Conrado Alberto Avegno, who was long alleged to be a spy for Brazil and several Latin American dictatorships from the 1960s through the 1980s, has been found alive and well in Montevideo, the capital of Uruguay. According to a report by Brazilian daily Folha, Avegno had been hiding some 40 years and used various aliases. Now 85 years old, Avegno was discovered by investigating journalists living and working under a new identity as the pastor of an Evangelical Christian church in the South American capital.
Avegno confessed to reporters that he worked for the Brazilian government and other dictatorships for several decades by infiltrating guerrilla groups and other leftist movements. "My only desire was to fight communism," he said, quoted by the Uruguayan newspaper 'La Republica.' The former spy indicated that for over 14 years he worked under the pseudonyms 'Altair', 'Johnson', 'Nario', 'Zuleika' and 'Carlos Silveira' in Latin American revolutionary groups and passed on information to the governments and military of several governments. It was during those years that governments in the region resorted to torture, extrajudiciary killings and arrests of dissidents and other enemies.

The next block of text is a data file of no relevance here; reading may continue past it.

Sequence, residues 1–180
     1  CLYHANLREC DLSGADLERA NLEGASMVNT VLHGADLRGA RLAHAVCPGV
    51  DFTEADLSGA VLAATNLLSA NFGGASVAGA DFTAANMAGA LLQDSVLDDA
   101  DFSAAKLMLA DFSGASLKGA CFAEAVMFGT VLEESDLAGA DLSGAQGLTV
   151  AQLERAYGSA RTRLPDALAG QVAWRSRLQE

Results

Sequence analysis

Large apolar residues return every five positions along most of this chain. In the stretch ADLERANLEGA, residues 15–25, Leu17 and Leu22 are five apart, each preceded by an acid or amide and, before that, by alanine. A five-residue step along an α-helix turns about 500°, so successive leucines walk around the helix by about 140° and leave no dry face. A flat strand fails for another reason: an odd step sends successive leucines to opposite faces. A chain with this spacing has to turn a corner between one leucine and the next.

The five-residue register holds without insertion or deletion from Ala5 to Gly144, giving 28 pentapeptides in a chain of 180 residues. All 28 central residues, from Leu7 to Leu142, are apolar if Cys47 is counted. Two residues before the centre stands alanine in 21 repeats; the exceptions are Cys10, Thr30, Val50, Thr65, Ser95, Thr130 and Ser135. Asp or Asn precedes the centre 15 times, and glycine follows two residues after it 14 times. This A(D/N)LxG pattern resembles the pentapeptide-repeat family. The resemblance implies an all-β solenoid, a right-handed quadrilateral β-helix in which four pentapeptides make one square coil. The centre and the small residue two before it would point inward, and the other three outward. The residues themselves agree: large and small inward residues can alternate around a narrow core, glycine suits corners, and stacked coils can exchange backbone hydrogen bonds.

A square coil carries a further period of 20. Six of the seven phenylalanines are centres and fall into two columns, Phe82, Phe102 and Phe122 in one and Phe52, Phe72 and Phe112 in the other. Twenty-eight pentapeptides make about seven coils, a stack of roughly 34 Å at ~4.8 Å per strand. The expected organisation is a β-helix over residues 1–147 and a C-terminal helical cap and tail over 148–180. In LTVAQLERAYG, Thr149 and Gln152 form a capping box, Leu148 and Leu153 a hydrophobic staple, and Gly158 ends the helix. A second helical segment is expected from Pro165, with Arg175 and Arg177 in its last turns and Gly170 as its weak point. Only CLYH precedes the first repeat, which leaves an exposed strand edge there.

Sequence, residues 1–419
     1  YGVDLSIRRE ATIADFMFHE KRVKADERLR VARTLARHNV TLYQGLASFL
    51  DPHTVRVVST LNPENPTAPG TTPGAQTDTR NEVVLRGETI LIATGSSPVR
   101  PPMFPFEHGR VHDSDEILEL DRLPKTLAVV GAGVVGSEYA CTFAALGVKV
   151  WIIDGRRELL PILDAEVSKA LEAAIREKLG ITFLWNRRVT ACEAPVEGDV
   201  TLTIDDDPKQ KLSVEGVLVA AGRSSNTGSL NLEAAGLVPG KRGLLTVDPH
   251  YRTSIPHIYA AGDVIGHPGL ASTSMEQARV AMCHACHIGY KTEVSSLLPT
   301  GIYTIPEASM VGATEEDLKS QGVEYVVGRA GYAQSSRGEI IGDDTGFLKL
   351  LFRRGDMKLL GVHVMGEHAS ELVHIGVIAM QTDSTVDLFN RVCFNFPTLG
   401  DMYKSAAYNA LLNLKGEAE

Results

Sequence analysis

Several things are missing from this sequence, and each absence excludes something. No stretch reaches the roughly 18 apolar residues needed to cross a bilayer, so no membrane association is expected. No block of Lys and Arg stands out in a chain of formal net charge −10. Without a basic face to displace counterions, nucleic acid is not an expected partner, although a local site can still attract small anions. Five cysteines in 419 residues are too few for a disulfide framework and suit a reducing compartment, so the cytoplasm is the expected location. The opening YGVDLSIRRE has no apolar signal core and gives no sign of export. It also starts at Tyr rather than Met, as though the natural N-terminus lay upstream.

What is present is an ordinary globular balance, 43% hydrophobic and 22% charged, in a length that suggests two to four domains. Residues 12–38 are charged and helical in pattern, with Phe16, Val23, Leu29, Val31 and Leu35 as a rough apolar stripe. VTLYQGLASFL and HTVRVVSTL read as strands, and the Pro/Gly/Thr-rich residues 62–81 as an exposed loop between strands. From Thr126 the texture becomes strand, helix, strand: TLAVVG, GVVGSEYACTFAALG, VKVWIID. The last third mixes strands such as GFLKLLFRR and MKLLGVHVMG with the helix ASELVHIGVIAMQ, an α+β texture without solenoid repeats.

When asked about his "missions", Avengo admitted that he worked among Uruguayan exiles and thus came to be arrested in Uruguay, and even in Brazil, but was finally released so that he could continue his work. Avegno noted that he wrote 361 reports to Brazil's ministry of foreign affairs of Brazil, which in turn was responsible for sending them to similar offices in neighboring countries. His period of greatest activity was between 1974 and 1975.
"He was a fundamental piece of the security system in Brazil to Uruguay, and the only one who managed to infiltrate the world of subversives repeatedly," said Rui Oro. Oro was a key personage in Brazil's dictatorship (1964-1985) and its Foreign Intelligence Center.